PPP — a minorities’ rights champion or simply an empty vessel making the most sound?
Karachi: March 25 – Pakistan Peoples Party chairman Bilawal Bhutto Zardari, while speaking at a gathering held in Umerkot during Holi celebrations, gives a power-packed message: “When a Muslim can be the president of India, why a member of a religious minority community can’t hold this post in Pakistan.”
His participation in the Holi celebrations and his words of support were appreciated and admired by progressive circles all over the country; but as the saying goes, “talk is cheap, actions are everything”, it is ironic to note that despite openly supporting the minorities, little or no substantive actions have been taken yet by the province’s ruling party on a number of resolutions passed by the provincial assembly in this connection.
In view of the presence of hate content against minorities in textbooks, a resolution passed on Feb 24 called for a separate religious curriculum for Hindu and Christian students from Class 1 to Class 8.
When The News asked education and literacy secretary Dr Fazlullah Pechucho on the status of its progress, he replied that the curriculum review council headed by education minister Nisar Khuhro was thoroughly “looking into it” with all stakeholders on board.
However, the secretary added that he could not give a timeframe as to the process would be completed.
Despite several attempts, Khuhro could not be reached for comments.
Speaking to The News, former MPA and chairman of the Pakistan Minority Front Micheal Javed expressed his reservations over the initiative saying that though the idea behind it was appreciable, the way it has being handled was ludicrous.
“We have heard there have been one or two meetings on the education curriculum, but it’s surprising to note that they haven’t taken into confidence any mainstream Christian leader on the issue,” he added.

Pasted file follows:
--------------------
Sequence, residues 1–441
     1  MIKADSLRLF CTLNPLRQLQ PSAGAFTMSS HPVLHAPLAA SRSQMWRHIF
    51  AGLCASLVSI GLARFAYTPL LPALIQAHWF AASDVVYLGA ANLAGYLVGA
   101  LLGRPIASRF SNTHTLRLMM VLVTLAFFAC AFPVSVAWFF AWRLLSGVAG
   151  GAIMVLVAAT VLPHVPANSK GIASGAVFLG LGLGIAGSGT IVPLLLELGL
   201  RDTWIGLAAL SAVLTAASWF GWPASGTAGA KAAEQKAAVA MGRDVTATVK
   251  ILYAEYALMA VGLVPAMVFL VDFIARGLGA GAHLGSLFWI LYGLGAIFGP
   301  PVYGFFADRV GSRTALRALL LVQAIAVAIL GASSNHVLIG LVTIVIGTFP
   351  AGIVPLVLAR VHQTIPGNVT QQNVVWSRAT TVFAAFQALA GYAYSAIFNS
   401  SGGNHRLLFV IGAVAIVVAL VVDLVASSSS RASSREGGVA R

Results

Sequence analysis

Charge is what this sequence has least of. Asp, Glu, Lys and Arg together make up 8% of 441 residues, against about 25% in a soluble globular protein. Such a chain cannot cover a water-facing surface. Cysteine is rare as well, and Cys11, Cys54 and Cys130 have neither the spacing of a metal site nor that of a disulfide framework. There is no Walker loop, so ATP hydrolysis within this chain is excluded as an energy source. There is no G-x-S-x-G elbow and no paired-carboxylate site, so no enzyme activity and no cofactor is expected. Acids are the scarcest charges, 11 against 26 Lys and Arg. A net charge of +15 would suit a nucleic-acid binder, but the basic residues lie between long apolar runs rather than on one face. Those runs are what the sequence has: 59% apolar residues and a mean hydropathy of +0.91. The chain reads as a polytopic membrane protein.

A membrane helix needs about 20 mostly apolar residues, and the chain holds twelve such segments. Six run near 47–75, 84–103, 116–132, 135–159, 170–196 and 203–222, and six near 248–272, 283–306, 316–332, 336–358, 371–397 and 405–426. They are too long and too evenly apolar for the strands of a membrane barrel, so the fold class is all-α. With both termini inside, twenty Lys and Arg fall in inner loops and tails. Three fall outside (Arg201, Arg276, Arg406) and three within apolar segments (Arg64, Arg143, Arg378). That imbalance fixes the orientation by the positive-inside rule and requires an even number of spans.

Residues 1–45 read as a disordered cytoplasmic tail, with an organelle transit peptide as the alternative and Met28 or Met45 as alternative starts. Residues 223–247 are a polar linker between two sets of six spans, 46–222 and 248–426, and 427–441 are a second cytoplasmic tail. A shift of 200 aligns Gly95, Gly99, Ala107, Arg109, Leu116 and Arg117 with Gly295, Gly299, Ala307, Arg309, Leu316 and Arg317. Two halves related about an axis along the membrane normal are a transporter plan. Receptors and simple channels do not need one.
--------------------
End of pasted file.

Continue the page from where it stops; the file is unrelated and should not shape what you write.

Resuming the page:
“Even if a separate religious curriculum is prepared, what is the point of it if the minorities are not comfortable with it?”
Five percent quota
Submitting a report to the Supreme Court on the recruitment of minority community members in the police department, the Sindh government had conceded that despite the constitutional requirement of five percent job quota for minorities, it had failed to implement it from 2010 to 2014. MPA and parliamentary leader of the Pakistan Muslim League-Functional Nand Kumar Goklani said the Sindh government had not only failed to ensure five percent quota in police, but in all government departments.
“The five percent job quota for minorities in the provincial government departments has not been implemented in its true spirit,” said Goklani.
“There are no official figures available in this connection and that’s a big problem,” he added.
According to a notification number SO (G)/MA/2(04)/2012, the interim minister for minority affairs, Hasan Ali Shah, had formed a “Zimmi Welfare Committee” – later renamed “Provincial Non-Muslim Welfare Committee” comprising representatives of all minorities; Ravi Dawani, the general secretary of the All Pakistan Hindu Panchayat, Roman Catholic Bishop Joseph Coutts, Karachi Parsi Anjuman Trust chairman Bahram D Avari and Sardar Ramesh Singh of the Pakistan Sikh Council.
The committee was mandated to delegate Rs100 million for minorities’ welfare from the minority affairs department funds.
However, according to a copy available with The News, in another notification issued on December 10, 2013 number SO (G) MA/2(04)/2012, the committee was replaced by a 10-member committee mainly comprising lawmakers of the PPP.
Speaking to The News, Sardar Ramesh Singh said the committee formed by the caretaker minister was a good initiative as it took the minorities into confidence by giving their representatives the authority to delegate their funds.
“Minorities including Sikhs were satisfied by the initiative but as soon as the new minister took charge, the committee never held a meeting and after a year we were told that it has been replaced by an another committee,” he added.
“The new committee comprised upper class Hindus who have been selected on reserved seats, and giving them additional funds raises transparency questions.”
Commissions and bills
The Sindh Assembly had referred private bills number eight and nine – the Sindh Minorities Rights Commission Bill, 2015 and the Criminal Law (Protection of Minorities) Bill – to the standing committee on minority affairs with terms of reference.
Goklani, who had introduced the bill, said in its last meeting in February, 17 points of the Minorities Rights Commission Bill wee cleared by the committee. However, the meeting was deferred until April 6 because of the absence of minister Nisar Khuhro. It was again postponed till April 13 on the same grounds.
“I believe that the government is delaying important issues related to minorities, because it doesn’t want the opposition to claim credit,” he said.
“Sadly, issues like forced conversions and human rights abuses are being ignored simply over petty political insecurities”.
With an annual grant of Rs100 million and further Rs500 million from the Annual Development Programme, as informed by Secretary Minorities Ahmed Bakhsh Narejo, it appears to be a classic case of “empty vessels making the most sound”.